In accordance with the present invention, it has been found that the fibers in the jet stream having the above specified characteristics will retain a controlled uniform random orientation in transit from the nozzle to the collecting surface for a selected nozzle configuration throughout zone 1 and into zone 2 and in some cases even into the more turbulent condition that exists in zone 3. However, there exists only a relatively narrow area along the velocity curves within which the fibers can be collected in the uniform random orientation of the present invention. This area as shown on the graph is delineated by the curve Y = X2 /20 and by the curve Y = X2 /135 which is the maximum distance for Xc. The preferred collection point lies close to the intersection of the zone 2 curve with the curve Y = X2 /80. When the collecting surface is located closer to the nozzle than the minimum collection distance given by the curve of Y = X2 /20, the fibers in the stream are under control but the impact velocity on the collecting surface is too high and the desired uniform deposition of the individual fibers will be disrupted. Beyond the maximum collection distance of the curve Y = X2 /135, there will exist the relatively controlled flow of zone 2, depending on the selected nozzle configuration but the spreading of the stream in transit will become too great to maintain a uniform and direct path of fiber flow from the nozzle to the collecting surface. In the peripheral areas, the fibers increasingly slow down and leave the main stream with a swirling motion which causes clots to form due to the contact with adjacent fibers. This results in the formation of a mat with undesirable uniformity, especially when the collection point in zone 2 or zone 3 extends beyond the curve Y = X2 /135.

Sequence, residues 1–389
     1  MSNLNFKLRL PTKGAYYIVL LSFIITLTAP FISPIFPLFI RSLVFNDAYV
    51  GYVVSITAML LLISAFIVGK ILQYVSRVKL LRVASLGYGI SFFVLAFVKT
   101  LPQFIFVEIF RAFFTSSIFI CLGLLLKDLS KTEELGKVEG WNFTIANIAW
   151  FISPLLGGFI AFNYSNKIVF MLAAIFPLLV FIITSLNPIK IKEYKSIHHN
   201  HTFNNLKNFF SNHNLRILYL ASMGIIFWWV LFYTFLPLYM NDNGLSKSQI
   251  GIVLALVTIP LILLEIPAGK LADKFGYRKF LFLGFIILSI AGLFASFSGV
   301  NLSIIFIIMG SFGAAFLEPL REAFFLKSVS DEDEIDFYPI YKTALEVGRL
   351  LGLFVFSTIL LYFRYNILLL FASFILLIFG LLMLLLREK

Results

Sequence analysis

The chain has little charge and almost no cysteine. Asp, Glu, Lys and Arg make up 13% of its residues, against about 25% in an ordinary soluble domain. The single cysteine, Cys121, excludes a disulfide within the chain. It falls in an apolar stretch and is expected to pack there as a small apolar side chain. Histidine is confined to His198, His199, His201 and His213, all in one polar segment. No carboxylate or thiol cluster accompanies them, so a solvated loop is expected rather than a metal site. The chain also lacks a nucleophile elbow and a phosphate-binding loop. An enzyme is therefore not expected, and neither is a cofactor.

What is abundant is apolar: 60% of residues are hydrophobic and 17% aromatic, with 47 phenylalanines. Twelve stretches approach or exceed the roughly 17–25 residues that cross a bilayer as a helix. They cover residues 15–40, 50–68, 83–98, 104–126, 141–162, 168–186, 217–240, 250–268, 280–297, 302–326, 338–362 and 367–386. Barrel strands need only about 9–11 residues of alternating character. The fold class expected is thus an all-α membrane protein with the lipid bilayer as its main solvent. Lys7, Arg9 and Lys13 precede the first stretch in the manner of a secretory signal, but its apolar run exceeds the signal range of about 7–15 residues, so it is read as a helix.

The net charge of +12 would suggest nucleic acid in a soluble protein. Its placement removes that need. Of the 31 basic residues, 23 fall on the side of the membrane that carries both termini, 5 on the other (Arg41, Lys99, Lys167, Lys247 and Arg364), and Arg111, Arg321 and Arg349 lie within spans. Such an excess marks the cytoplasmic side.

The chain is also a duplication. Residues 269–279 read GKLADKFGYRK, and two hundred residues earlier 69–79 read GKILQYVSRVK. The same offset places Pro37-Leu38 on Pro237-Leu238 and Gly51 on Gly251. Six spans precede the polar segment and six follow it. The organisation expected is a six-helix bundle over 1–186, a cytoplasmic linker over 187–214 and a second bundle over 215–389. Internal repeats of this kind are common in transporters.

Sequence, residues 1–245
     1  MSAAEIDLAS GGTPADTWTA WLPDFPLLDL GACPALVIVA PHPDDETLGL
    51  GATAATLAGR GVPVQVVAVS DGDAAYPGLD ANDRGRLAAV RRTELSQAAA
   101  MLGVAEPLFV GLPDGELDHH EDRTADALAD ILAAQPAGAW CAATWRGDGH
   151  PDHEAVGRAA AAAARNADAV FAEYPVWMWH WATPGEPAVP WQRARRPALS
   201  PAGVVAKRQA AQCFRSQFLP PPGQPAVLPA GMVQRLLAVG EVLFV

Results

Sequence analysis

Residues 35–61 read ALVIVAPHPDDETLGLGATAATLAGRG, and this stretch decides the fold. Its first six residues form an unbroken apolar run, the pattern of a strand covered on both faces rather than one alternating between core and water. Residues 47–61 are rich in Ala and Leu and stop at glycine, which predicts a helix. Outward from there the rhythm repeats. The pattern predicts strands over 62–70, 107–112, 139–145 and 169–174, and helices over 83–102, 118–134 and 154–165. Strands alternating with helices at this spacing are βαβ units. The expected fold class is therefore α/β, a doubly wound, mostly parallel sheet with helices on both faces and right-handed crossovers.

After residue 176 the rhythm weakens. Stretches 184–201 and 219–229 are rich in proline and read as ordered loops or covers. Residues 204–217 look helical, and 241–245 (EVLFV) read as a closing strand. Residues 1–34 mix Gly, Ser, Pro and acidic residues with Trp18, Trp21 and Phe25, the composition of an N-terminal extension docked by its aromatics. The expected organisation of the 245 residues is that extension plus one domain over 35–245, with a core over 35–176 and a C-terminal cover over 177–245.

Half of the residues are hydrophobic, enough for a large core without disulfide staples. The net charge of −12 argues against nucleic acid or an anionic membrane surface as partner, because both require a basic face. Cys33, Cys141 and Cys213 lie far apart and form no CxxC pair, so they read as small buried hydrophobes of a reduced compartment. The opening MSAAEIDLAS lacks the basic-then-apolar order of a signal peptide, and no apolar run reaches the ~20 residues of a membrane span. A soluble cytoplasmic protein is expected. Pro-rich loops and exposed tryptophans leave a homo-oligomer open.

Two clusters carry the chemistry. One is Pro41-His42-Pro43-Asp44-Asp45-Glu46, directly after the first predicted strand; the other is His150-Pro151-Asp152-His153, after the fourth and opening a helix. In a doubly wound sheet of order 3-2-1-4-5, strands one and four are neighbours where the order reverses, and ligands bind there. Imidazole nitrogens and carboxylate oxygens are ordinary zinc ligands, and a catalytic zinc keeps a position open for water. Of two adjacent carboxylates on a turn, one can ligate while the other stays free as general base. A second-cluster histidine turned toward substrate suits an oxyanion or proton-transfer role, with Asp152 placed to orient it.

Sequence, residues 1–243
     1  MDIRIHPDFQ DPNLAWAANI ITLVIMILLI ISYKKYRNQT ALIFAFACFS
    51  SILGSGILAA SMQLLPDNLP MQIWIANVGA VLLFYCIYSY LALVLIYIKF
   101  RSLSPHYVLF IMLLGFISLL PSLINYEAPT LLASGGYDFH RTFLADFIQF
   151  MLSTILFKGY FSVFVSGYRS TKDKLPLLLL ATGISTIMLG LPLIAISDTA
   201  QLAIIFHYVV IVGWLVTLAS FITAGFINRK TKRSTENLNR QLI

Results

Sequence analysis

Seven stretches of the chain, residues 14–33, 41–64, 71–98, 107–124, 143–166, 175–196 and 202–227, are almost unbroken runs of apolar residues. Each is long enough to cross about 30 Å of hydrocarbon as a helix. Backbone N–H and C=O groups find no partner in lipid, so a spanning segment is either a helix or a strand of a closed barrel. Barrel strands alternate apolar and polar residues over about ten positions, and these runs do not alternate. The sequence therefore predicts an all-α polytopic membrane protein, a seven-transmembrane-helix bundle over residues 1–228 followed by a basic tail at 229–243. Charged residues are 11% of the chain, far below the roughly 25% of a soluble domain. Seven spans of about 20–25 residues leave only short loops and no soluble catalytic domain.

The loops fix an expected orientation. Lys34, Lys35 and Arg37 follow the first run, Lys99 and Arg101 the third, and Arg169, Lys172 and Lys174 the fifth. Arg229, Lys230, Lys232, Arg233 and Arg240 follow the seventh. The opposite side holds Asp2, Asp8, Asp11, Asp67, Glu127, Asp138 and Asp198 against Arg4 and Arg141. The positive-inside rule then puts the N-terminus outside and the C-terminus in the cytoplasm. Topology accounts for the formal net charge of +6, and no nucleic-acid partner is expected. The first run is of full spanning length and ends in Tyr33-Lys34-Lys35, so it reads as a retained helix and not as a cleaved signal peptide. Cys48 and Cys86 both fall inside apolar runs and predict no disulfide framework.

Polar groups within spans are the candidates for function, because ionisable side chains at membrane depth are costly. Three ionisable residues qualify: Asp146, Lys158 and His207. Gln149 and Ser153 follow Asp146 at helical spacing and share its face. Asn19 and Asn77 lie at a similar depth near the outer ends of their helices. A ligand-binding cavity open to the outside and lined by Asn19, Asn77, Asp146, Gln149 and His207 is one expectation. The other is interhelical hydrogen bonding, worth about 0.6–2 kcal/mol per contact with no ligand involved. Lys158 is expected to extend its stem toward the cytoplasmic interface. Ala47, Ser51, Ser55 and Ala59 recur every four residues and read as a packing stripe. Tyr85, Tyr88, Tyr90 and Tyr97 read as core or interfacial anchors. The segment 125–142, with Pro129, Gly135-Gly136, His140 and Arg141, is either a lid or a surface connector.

Referring again to the graph, it is again emphasized that the centerline velocity of the stream at any distance X from the nozzle outlet is expressed as a fraction of the original projected average velocity. Thus, the centerline velocity is determined by reading the value on the Y axis that corresponds to a point on the velocity curve and multiplying it by the average outlet velocity.
It will be noted from the graph that with a nozzle width of 1/2 inch and length of 6 inches (rectangular) and with the collection surface positioned 4 feet away from the nozzle outlet, the fibers will be collected on the surface in the beginning of the turbulent zone 3 where the impact velocity is only 20% of the nozzle outlet velocity of the stream. This collection part way into zone 3 does not seriously affect the web formation and it is sometimes desirable to provide a reduced impact of the air stream at the collecting surface. Using a 1/2 inch wide, 6 foot long nozzle with the collection surface positioned 4 feet away from the nozzle outlet, the impact velocity on the collecting surface would be 25% of the nozzle outlet velocity and collection takes place well within zone 2. The turbulence of zone 3 does not occur until about thirty feet away from the nozzle outlet. It will be noted that an increase in length of the 1/2 inch wide nozzle from 6 inches to 6 feet only increased the impact velocity by 5% for an air-fiber stream having the above-specified characteristics. However, a 4 inch wide nozzle 6 feet long would give an impact velocity of 70% of the nozzle outlet velocity on a collecting surface 4 feet away from the nozzle outlet. This 70 % impact velocity can only be reduced by moving the collecting surface further away from the nozzle outlet and a distance of over 30 feet would be required to achieve a 25% impact velocity on the collecting surface. High impact velocities may be used but the collecting air velocity must also be increased as described hereinabove. The preferred location of the collecting surface close to the curve Y = X2 /80 represents the best position to compromise the effect of impact velocity and the amount of expansion of the fiber stream at the collecting surface.